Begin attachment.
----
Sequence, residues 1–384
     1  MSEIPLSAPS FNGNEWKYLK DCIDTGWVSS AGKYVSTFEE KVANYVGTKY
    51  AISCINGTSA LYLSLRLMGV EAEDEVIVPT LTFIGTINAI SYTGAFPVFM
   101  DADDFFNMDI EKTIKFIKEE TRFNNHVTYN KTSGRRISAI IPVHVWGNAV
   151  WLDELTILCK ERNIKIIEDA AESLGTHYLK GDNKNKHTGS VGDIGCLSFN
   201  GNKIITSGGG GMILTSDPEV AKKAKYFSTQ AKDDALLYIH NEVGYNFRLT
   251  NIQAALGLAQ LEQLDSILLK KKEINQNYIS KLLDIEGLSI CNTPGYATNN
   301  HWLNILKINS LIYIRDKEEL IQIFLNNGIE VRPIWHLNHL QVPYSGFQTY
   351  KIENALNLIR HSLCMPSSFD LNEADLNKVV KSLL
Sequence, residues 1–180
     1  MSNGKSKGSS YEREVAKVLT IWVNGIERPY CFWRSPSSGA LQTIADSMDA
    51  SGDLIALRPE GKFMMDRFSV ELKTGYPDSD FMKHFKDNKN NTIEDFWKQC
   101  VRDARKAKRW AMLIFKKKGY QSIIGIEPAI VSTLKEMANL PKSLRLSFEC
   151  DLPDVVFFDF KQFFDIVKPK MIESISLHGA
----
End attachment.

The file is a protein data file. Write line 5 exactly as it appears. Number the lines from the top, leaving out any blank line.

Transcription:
   151  WLDELTILCK ERNIKIIEDA AESLGTHYLK GDNKNKHTGS VGDIGCLSFN